The Memphis Fire Department (MFD) and Richmond (Va.) Ambulance Authority (RAA) have a lot in common. Both services are innovators in EMS, have an enthusiastic staff that continues to implement ways to improve the care they render to their patients and both have been searching for ways to improve their resuscitation success rates.
Each also believes they’ve found that way by implementing mechanical CPR in their agency. MFD uses the Physio-Control LUCAS 2 chest compression system and RAA uses the ZOLL AutoPulse non-invasive cardiac support pump.
Though they’re using different devices, their results have been dramatic and have convinced their medical and administrative leadership that mechanical CPR offers many benefits over manual CPR, not the least of which is the ability to maintain consistent and uninterrupted CPR—a key ingredient in the successful resuscitation and discharge of patients neurologically intact from the receiving hospital.
MFD and RAA are both keenly aware that sudden cardiac arrest (SCA) is a leading cause of death among adults over the age of 40 in the United States, that approximately 424,000 people experience EMS-assessed out-of-hospital nontraumatic SCA annually (more than 1,000/day) and nine out of 10 victims currently die.1
The number of people who die each year from SCA is roughly equivalent to the combined number of people who die from Alzheimer’s disease, assault with firearms, breast cancer, cervical cancer, colorectal cancer, diabetes, HIV, house fires, motor vehicle accidents, prostate cancer and suicides combined.
SCA can be best impacted by early intervention with cardiopulmonary resuscitation (CPR), defibrillation, advanced cardiac life support, therapeutic hypothermia and other measures of comprehensive post-resuscitation care.
When bystanders intervene by providing early, high-quality CPR and using automated external defibrillators (AEDs) before EMS arrives, four out of 10 victims survive.1
This article will detail the path each service has taken to success in implementing mechanical CPR on their frontline ambulances.
The MFD Experience
The MFD, the largest EMS system in the state of Tennessee and the Midsouth, responds to more than 121,000 EMS calls annually. MFD is an all advanced life support (ALS) system that operates 36 ALS ambulances, 56 ALS engines, and 21 BLS ladder truck companies with a staff of 500 firefighter/paramedics and 1,100 firefighter/EMTs. The department operates 98 pieces of fire apparatus that are ALS capable. ALS response times average just over four minutes.
In addition to teaching a paramedic education program, MFD is a certified American Heart Association education center, and the only fire department in the U.S. authorized by the Continuing Education Coordinating Board for Emergency Medical Services to issue their own CEUs.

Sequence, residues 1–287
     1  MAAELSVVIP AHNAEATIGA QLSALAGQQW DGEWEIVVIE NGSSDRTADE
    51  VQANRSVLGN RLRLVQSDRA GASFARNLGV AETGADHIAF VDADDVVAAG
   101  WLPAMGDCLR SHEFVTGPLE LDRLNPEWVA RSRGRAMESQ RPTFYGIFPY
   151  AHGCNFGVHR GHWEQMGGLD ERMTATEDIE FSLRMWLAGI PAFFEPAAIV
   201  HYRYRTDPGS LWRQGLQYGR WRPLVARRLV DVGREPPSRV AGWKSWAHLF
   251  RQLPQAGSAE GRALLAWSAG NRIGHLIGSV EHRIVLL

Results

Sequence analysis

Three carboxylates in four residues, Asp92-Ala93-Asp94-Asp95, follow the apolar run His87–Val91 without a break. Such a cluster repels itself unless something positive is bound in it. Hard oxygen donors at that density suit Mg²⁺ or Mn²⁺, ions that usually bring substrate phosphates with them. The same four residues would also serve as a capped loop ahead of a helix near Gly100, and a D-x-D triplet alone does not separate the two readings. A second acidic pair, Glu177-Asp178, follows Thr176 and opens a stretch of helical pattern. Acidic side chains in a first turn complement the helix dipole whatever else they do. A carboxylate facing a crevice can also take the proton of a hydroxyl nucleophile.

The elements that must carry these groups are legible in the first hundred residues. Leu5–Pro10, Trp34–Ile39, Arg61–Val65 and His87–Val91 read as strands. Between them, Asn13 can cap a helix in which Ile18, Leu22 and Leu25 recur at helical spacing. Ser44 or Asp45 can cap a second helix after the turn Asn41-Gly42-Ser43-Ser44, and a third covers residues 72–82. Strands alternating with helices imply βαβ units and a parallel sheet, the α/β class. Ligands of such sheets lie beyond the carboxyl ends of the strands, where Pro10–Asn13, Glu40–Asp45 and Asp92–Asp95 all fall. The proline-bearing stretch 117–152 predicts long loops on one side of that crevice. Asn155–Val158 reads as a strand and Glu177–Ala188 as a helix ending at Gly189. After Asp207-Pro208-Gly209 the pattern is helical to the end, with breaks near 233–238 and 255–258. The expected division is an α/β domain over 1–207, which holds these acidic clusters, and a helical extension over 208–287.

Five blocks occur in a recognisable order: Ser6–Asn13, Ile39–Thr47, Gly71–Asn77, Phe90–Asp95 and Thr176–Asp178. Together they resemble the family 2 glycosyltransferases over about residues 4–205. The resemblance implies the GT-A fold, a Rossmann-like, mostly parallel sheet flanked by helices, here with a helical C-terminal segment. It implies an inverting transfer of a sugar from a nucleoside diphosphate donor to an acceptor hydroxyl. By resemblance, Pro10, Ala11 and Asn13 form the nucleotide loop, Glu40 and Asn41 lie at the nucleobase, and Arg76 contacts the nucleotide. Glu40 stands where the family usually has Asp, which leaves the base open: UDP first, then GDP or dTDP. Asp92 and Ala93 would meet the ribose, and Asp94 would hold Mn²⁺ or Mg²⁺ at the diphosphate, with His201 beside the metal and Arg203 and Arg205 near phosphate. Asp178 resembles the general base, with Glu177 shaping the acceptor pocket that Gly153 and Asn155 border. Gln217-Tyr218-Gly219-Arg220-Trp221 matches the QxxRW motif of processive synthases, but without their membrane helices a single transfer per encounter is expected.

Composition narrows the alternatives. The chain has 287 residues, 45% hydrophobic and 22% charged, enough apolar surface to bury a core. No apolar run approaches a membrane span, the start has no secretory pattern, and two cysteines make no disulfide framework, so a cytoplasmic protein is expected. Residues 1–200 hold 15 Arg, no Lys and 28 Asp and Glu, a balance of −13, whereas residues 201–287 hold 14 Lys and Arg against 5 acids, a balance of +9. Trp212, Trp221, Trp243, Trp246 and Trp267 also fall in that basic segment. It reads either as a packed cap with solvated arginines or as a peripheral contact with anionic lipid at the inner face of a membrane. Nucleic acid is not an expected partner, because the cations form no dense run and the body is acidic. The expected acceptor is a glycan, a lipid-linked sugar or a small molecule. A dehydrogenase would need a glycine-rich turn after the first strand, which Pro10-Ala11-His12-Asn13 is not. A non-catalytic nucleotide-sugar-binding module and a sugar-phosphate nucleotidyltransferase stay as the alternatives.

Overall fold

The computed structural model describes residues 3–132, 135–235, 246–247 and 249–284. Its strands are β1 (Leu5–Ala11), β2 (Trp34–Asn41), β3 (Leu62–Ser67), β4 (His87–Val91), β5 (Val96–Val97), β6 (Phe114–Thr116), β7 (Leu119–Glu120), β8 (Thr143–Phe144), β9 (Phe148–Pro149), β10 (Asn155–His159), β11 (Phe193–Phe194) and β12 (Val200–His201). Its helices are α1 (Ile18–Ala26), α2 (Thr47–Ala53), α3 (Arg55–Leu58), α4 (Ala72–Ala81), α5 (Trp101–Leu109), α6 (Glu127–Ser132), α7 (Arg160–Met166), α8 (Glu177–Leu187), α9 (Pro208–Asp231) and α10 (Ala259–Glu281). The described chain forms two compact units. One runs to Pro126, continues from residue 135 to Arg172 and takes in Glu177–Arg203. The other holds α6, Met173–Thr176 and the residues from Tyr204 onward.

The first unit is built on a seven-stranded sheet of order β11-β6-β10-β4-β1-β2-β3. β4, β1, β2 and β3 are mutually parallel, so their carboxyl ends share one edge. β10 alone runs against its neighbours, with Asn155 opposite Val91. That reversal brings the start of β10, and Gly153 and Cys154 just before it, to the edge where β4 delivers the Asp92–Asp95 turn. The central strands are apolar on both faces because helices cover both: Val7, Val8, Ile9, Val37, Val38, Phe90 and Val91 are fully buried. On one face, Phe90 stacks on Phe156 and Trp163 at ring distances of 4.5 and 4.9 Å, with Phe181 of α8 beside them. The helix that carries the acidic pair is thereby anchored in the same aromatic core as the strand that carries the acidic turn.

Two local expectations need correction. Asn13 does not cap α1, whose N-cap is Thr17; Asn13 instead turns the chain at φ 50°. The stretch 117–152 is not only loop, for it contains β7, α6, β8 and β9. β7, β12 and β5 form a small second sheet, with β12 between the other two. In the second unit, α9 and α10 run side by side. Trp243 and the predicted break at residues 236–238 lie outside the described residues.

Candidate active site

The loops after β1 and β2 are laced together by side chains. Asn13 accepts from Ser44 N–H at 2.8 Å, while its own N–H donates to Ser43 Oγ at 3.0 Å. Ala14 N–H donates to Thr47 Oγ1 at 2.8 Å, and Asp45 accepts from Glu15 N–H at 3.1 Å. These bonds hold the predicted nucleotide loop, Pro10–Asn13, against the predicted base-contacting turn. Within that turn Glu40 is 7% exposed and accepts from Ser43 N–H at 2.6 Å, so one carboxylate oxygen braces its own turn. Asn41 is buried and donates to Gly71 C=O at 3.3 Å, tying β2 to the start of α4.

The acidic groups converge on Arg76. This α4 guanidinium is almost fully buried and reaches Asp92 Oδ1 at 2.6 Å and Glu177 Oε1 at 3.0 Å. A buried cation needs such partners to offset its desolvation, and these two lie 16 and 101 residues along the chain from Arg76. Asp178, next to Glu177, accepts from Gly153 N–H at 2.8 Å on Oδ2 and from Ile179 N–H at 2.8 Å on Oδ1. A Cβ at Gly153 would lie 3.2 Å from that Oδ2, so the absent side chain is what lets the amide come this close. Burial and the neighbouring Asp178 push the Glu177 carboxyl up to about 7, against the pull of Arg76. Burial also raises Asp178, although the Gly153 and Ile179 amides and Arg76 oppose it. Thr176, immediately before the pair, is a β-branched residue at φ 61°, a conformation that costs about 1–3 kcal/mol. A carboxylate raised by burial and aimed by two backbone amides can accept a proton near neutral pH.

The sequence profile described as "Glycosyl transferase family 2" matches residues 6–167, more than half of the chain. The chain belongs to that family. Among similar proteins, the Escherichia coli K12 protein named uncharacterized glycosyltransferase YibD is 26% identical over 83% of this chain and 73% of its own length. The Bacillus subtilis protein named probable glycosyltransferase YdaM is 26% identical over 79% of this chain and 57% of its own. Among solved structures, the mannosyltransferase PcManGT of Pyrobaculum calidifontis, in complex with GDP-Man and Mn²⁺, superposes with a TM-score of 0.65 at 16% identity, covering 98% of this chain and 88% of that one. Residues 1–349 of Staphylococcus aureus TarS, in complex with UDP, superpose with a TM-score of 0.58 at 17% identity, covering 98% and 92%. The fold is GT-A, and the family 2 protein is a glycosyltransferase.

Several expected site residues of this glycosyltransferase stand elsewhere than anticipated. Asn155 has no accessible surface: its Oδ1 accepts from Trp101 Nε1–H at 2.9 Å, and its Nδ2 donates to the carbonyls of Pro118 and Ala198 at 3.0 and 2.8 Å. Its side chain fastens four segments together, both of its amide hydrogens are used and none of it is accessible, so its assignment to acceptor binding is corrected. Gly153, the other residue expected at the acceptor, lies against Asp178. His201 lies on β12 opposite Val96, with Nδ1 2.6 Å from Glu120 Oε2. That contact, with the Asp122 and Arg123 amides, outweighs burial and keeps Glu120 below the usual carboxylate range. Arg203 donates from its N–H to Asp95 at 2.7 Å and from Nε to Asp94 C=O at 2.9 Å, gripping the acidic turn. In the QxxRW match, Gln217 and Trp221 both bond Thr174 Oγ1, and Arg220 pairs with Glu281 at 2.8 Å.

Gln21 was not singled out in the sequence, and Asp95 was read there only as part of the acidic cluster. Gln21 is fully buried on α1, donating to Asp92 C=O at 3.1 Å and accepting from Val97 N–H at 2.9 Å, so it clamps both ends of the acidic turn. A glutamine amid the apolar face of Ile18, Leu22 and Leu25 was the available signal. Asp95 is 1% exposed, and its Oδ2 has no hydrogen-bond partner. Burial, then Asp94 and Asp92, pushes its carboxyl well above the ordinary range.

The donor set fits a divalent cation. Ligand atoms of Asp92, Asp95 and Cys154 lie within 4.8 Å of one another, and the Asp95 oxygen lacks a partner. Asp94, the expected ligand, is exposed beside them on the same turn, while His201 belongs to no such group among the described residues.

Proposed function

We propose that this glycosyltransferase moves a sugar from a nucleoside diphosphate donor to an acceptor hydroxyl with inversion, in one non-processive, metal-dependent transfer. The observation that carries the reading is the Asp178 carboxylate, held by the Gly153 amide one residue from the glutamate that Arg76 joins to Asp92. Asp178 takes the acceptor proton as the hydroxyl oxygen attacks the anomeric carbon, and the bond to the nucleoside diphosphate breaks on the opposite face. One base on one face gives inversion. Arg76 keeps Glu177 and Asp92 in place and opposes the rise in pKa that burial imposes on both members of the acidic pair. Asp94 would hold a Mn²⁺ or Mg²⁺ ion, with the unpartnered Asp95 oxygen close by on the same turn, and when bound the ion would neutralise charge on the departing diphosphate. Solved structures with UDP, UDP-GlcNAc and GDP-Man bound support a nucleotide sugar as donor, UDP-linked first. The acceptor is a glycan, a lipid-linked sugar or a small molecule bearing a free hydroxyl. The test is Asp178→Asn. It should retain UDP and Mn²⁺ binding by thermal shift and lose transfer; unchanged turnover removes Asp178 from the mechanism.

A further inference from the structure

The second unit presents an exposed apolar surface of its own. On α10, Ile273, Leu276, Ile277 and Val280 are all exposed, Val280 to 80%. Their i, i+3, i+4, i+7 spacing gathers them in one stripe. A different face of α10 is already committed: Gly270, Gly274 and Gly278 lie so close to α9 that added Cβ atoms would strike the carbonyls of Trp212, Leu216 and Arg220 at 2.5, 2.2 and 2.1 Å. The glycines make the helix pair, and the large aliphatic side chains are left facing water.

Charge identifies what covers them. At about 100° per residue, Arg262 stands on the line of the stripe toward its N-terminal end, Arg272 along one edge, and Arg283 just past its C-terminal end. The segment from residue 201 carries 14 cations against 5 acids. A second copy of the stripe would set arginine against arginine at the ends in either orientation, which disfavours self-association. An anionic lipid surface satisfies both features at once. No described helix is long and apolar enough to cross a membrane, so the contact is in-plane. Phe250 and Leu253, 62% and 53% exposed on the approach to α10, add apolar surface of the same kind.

Operating one of the most progressive EMS systems in the U.S. means utilizing some of the latest treatment protocols and procedures. This includes induced hypothermia and mechanical CPR devices for cardiac arrest patients, continuous positive airway pressure for congestive heart failure patients, and intraosseous infusion for intravenous fluid access.
The Assisi Foundation provided the Memphis Fire Department with grant funds to ensure every MFD ambulance was equipped with a LUCAS 2 mechanical CPR device. Photo Roger Cotton
MFD also has an aggressive ST elevation myocardial infarction (STEMI) program with an average time of 65 minutes from first paramedic contact-to-balloon in a hospital cardiac catheterization lab.
The city of Memphis is in the heart of the cardiovascular disease belt, rating high on the incidences of heart disease and strokes, according to the American Heart Association. In addition, a 1994 study published in the Annals of Emergency Medicine found that the level of bystander CPR was significantly lower for African-Americans in Memphis when compared to whites.2 In addition, the traditional social morays prevalent in this region result in a large percentage of patients in cardiac arrest being transported.
Focus on Improving SCA Outcomes
Prior to 2012, the MFD initiated several changes to improve patient outcomes for sudden cardiac arrest. MFD first focused on quality CPR with effective compressions. EZ-IO intraosseous infusion drills and King Airways were added in an effort to reduce the times that compressions were being interrupted. Hypothermia treatment was also initiated in the field. Return of spontaneous circulation (ROSC) rates increased, but MFD continued to look for ways to improve patient outcomes.
In 2011, MFD piloted various mechanical CPR devices, examining cost, crew choice, outcomes and support logistics eventually selecting the Physio-Control LUCAS 2.
Initially, MFD budgetary constraints allowed only 18 devices to be purchased. The devices were deployed randomly throughout the city.
During the first year of deployment, no additional changes were made in protocol or procedure. Detailing of medics resulted in use of the product by a large majority of MFD paramedics.
At the completion of the first year, a comparison between those utilizing the mechanical CPR device and those without revealed a large increase in ROSC rates among patients treated with mechanical CPR.
In determining ROSC rates, MFD included all full arrests where CPR was attempted. While some departments have exclusion criteria for ROSC rates, MFD prefers to include all medical and trauma full arrests in order to more accurately gauge performance, including all heart rhythms.
MFD personnel performed CPR on a total of 1,204 patients in 2012, with ROSC occurring in 250 (21%) of those cases. The LUCAS 2 device was used on 114 full arrests, with ROSC occurring in 37 of those cases. This equaled a ROSC rate of 32% on the LUCAS 2 resuscitations, 11% higher than the overall average for the year.
This substantial improvement in patient care prompted an aggressive effort to fully implement the LUCAS 2 device on all MFD ambulances. To do so, the MFD partnered with the Assisi Foundation of Memphis, a foundation that serves nonprofit organizations working to improve Memphis and the Midsouth.3